Examining the Influence of Psychosocial Stress on Telomere Length in NCAA Collegiate Swimmers

Lead: Anamika Nanda



Regular physical activity protects against cellular aging, but a recent study found shorter telomere length (TL) in professional swimmers compared to less active controls. Shorter TL is associated with increased cellular senescence and functional decline with age, suggesting swimmers may be at increased risk for age-related morbidity. Previous studies reported competitive swimmers face high levels of psychosocial stress, which, in turn, is posited to accelerate TL shortening. We hypothesize that competitive collegiate swimmers experience increased psychosocial stress, leading them to have shorter TL despite their active lifestyles.We are conducting a mixed-methods study to examine whether TL differs between Division-1 and Division-3 NCAA swimmers (N=20 respectively) and their non-athlete counterparts (N=20) and if differences in TL is associated with psychosocial stress (Total N=60). Collegiate swimmers face a unique set of stressors to perform for scholarships and professional opportunities while simultaneously continuing their responsibilities as students. Accordingly, we are measuring overall psychosocial stress (Cohen’s Perceived Stress Scale; PSS) to compare swimmers and non-athletes as well as sports-related psychosocial stress (The Student Athletes’ Motivation toward Sports and Academics Questionnaire; SAMSAQ) to compare D-1 to D-3 swimmers. Further, we are conducting semi-structured qualitative interviews to better contextualize how student-athletes perceive how the psychosocial stress they experience impacts their lives and performance. We expect swimmers to report higher levels of overall psychosocial stress (PSS) and have shorter TL compared to non-athletes. Further, we expect that D-1 swimmers will report higher levels of psychosocial stress (SAMSAQ) and have shorter TL compared to D-3 swimmers.

Is There a Positive Association Between Aerobic Capacity and Telomere Length?

Lead: Scott J. Gustafson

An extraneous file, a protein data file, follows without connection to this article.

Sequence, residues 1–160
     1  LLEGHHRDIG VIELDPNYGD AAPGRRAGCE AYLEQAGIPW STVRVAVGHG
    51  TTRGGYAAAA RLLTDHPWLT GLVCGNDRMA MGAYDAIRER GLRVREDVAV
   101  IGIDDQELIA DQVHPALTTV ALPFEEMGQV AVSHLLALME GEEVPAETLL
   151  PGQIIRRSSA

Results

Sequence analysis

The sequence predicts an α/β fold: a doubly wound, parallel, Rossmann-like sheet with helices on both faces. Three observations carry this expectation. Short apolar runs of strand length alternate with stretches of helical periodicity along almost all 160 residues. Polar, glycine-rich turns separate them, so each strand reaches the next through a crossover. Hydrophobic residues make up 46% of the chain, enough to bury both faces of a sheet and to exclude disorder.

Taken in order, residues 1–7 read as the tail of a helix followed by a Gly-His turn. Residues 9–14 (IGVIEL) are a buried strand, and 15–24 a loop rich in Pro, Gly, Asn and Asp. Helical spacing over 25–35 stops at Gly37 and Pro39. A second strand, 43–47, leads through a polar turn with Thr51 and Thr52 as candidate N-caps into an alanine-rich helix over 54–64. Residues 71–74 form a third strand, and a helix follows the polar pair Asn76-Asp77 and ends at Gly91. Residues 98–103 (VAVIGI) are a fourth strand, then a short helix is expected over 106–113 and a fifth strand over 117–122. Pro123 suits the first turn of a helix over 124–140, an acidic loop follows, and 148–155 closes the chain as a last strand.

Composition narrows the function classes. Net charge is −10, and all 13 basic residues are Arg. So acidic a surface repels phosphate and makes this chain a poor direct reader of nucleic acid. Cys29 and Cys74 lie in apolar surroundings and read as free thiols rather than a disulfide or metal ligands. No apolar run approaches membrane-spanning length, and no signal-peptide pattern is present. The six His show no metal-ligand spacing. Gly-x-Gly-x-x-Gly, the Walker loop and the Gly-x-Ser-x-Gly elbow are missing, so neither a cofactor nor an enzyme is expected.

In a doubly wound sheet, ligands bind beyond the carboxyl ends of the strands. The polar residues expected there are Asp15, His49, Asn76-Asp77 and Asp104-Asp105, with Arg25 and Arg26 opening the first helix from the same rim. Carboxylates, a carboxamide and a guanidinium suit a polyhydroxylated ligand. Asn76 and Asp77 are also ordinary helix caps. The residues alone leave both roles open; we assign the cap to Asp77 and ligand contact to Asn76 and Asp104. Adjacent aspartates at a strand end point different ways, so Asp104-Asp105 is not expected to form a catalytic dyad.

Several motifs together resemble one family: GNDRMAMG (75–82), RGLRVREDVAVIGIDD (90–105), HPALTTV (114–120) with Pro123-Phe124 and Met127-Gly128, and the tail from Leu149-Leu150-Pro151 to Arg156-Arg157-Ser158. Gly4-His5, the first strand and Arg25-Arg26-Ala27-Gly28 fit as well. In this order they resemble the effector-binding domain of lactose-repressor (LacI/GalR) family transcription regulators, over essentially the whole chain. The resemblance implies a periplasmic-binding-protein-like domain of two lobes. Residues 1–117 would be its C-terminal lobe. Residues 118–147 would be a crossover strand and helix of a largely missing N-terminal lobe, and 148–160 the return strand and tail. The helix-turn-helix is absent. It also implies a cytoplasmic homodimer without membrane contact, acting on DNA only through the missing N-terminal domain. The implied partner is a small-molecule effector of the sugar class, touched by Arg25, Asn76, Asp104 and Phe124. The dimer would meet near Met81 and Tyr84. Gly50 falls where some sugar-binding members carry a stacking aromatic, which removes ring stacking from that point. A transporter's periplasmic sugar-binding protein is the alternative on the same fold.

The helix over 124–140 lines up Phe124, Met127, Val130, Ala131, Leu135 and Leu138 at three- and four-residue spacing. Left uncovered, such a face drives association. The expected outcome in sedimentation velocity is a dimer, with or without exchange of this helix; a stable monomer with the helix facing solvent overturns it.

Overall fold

Habitual physical activity is associated with longer telomeres, and researchers posit that this relationship protects and enhances health and wellbeing. However, it is unclear what mechanisms underlie this association. Telomeres are DNA sequences that cap the ends of chromosomes and shorten with age and cellular proliferation. As these protective caps shorten, it leads to cellular apoptosis and functional decline. Thus, clarifying this relationship between physical activity and telomere length (TL) may improve our understanding of how physical activity improves health. I will be testing the hyporthesis that aerobic capacity is positively associated with TL. Aerobic capacity increases with physical activity, enhancing our ability to deliver energy and nutrients to our cells, reducing cellular damage and aging. Therefore, I predict that increased aerobic capacity, as measured by Forced Vital Capacity (FVC), will predict longer TL in young adults. I will be investigating physical activity, FCV, TL, and several covariates in a target sampe of 200 young adult participants. To ensure a range of physical activity and FCV, I will include collegiate student-athletes and non-athletes. I will measure FCV via self-collected chest circumference at maximum inhalation and exhalation and TL via qPCR with DNA extracted from dried blood spots. Participants will either collect their own data via a take-home kit or via in-person collection. While much of my data is available, I will publicly pre-register all of my finalized analyses before conducting any tests. If I find a positive association between FCV and TL, we can infer that longer telomeres may stem from mechanisms in the cardiovascular system. If we don't find any associations, improvements in cardiovascular function may not be a central influence on TL, and we should look into other potential influencers that come from physical activity.